We live in a hybrid world: smartphones can be the property of employees in a BYOD setting and/or can be provided by employers. Data and servers can reside in a public cloud, a private cloud, or on premises. Sometimes all three together. Employees are more and more mobile, work from home, share offices, and even inside an organization can switch workspaces. Faced with this evolution of work methods, one thing is clear: no single security rule can work if it is imposed on everybody. Hybridization is therefore everywhere: in ways of thinking, workplaces, behaviors, tools used and also… security.
With mobility being highly popular, CIOs should be cautious when implementing controls and security tools, as users do not want to slow down. This challenge also applies to political figures, from Emmanuel Macron to Donald Trump.
Turn data security into a core business value
Security cannot be enforced by decree. It must be experienced on a daily basis. Protecting employee, customer and supplier data is often a strong value for organizations, reinforced by the GDPR. It is s never too late to develop it.
To achieve this, it is necessary to establish a culture of security among all employees. This means suitable and regular training, sharing good practices, examples and real life cases, stress tests, etc. Appointing security champions who are not affiliated with IT also promotes internal dialogue and creates virtuous dynamics around best practices.
This is a first step to foster overall adoption and facilitate the implementation of a mobile security solution.
And find the right security solution
Once the seed is planted, its development must be supported without undermining the necessary agility to grow and develop the business, by finding the right security solution. One that protects confidential information, without slowing down smartphones, usage and productivity.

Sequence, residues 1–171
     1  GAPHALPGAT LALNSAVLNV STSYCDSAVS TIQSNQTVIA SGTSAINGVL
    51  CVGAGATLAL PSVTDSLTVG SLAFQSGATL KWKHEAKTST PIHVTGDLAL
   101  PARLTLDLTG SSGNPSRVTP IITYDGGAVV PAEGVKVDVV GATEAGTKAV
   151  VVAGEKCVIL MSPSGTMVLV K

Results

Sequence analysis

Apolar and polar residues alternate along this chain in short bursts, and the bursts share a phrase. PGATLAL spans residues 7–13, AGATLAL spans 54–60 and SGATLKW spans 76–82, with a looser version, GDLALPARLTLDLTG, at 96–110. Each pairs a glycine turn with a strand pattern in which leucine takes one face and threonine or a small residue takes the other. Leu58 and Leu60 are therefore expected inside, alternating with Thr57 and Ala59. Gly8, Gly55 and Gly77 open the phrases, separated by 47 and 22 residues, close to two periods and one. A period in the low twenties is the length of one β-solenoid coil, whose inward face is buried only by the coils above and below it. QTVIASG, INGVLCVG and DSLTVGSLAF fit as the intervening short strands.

Clearly: to prevent rather than cure.
To achieve this, the following best practices can be implemented:
- Map your mobile fleet: Between iOS and Android devices, is it consistent or mixed? Do you know which OS versions are installed? Do you have visibility using a Mobile Device Management (MDM) solution, for example?
- Define internal policies: What to do in case of loss or theft? Are your processes and rules clear, known, and shared?
- Understand the uses: What do your employees do with their smartphone? Which applications are installed? Are there any restrictions already in place?
- Manage priorities: Does a sales rep have the same security requirements as a CFO, for example? How do you assess security requirements?
- Secure travel: Who are the people who travel most often? Is it locally or abroad? In which country? Do you consider certain business trips to be potentially at risk? Why and to what extent?
With this introspective analysis done, it will then be easier to find a solution really suited to your needs.
In any case, faced with the exponential development of mobile threats, security priorities are shifting from the desktop to the smartphone. The smartphone has become an essential gateway to business data, which must be permanently secured without affecting user experience. This is a task that involves managing mobile fleets remotely, controlling applications, encrypting devices and communications, without impacting user experience.